The Smart Woman's Guide to Planning for Retirement
You've likely heard more than a few times that hindsight is 20/20. It's true. Who among us cannot look in the rearview mirror of life and see things more clearly?
While I am determined not to live my life with regret, there are a few things I wish I'd known sooner. Like how the decisions I made in my twenties would throw my thirties into a major tailspin. Had I known, or cared, perhaps I could have avoided some very costly mistakes.
What follows are simple guidelines or benchmarks for your 20s and 30s as it relates to preparing for retirement.
In Your Twenties
This is your deﬁning decade and by far the most important decade for retirement planning. You're younger–and probably poorer–than you'll ever be again.
What you're experiencing now in your twenties may not feel big enough or important enough to have anything close to a lifetime impact. Your income is low, your debts may be high, and you may feel as though you're living on the ﬁnancial edge. Even though what you are experiencing now may not appear to be important, the truth is that big events of life don't always start out big.
The good news is that because you are young you haven't picked up a lot of bad ﬁnancial habits. You have time to build a solid ﬁnancial life. And the sooner you get on with that, the less it is going to cost you in the future to make up for any mistakes you make because you will make far fewer of them.
Develop your ﬁnancial intelligence. Start by becoming an effective money manager. Get your act together now by putting together a spending plan. Assign every dollar that ﬂows into your life a job to do, then follow up to make sure it did as it was told.
Start an emergency fund and get out of debt. Build your emergency fund as quickly as you can. This will give you the cushion you need to weather unexpected expenses and emergencies without having to raid your retirement savings. If you're in debt, ﬁx that now and not later.
Open a retirement savings account. Join and participate in your employer's retirement savings plan, at least to the match, as soon as you qualify. Open and fund a Roth IRA as well. Consider yourself on track if you are regularly contributing 5 percent of your annual income to retirement savings.
Stay physically, emotionally, and spiritually ﬁt. Retirement preparation is not all about money. It also involves building and maintaining physical health by watching what you eat and exercising–both of which are much easier to begin when you're young and ﬁlled with energy.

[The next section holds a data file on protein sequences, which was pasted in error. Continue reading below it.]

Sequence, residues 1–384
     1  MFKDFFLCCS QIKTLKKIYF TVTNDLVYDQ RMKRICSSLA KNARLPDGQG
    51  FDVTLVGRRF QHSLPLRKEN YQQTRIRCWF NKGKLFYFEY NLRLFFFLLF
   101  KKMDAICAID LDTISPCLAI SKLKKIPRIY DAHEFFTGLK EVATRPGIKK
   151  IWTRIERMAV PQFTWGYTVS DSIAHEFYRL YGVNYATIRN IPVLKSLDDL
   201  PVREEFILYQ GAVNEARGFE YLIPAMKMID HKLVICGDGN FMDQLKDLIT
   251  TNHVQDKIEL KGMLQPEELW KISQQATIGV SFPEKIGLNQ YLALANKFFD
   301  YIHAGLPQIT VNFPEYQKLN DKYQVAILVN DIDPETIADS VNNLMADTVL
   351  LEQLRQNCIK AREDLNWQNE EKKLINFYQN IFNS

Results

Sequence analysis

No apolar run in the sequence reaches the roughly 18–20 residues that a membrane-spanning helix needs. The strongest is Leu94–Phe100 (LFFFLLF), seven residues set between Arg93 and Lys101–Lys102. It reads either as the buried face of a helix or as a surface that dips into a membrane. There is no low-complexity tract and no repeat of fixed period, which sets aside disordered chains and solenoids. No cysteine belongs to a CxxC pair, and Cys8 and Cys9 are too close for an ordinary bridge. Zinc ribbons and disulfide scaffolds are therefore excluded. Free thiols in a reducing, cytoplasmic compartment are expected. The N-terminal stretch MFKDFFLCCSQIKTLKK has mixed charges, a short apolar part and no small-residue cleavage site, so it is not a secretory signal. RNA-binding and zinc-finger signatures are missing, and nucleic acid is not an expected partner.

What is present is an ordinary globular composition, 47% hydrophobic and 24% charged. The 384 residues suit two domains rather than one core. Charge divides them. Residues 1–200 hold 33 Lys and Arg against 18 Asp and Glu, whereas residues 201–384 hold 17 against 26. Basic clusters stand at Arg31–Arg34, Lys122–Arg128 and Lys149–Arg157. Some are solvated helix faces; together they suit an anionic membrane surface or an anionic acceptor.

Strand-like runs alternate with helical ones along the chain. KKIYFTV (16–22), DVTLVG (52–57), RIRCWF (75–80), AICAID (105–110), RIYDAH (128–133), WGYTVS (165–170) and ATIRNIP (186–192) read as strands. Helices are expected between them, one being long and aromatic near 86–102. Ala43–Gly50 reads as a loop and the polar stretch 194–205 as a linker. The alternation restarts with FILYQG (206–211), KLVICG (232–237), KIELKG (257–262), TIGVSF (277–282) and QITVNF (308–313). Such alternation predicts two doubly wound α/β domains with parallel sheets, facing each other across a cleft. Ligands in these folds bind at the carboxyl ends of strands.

Your twenties matter. By making a decision now to start saving and preparing for the years you will spend in retirement–no matter how far away they seem–you will make a life-changing decision you will never regret.
In Your Thirties
Your college loans are probably paid off; you may be married and starting a family. You have career goals, but you haven't reached your full earning potential. If you want to retire by age sixty-seven, you have about thirty years. If you've been saving, you're on your way. But if you've put it off, it's time to catch up.
Fund your 401(k) and a Roth IRA. If your employer offers a 401(k), participate at least to the point of the match so you don't leave any free money on the table. Also open a Roth IRA and make funding it to the maximum each year a top priority. Set up automatic deposits to do this so you won't have to rely on your memory or make that “Will I or won't I?” decision every time you get a paycheck.
Buy a home. Siphon off a down payment from the savings you have been growing with 10 percent of your take-home pay. Do not give into the temptation to buy the most expensive home you can ford. Instead, buy half the home you can afford, then make the largest payments you can afford. Your goal is to own this home outright as soon as possible. Do not enter into any home equity loans. That's a way to shoot yourself in the foot.
Set a goal for college savings. When the babies are born is the time to start saving for college. You may be squeezed already, but now is the time to determine your philosophy on who pays for college. You do not want to go into debt for this. If you plan to pay for all or part of your child's education, do that with money you have saved and invested, not with loans you take on in eighteen to twenty years.
Purchase life insurance. If there are people who depend on your income who would be in a desperate situation without it if you were to die, you need life insurance. Here's some good news. Term life insurance has become very cheap in the past few years.
Build your Contingency Fund and get out of debt. Your Contingency Fund should be your ﬁrst priority. Unfortunately, you don't have time to devote your attention to just one area at a time. So at the same time you are saving for emergencies, you must pay off your unsecured debt.
Your thirties matter because these are the years that you'll make the big ﬁnancial decisions of life–kids, house, and career. This is the busy decade, and with all of the joy and high-speed living that comes with raising a family, it's easy to lose sight of planning for the future. I know how easy it is to assume there will be plenty of time for that later.
Mary Hunt is a syndicated personal finance columnist and the author of The Smart Woman's Guide to Planning for Retirement (Revell, Nov. 5, 2013). For more advice on planning for retirement with confidence connect with her on Facebook at https://www.facebook.com/debtproofliving.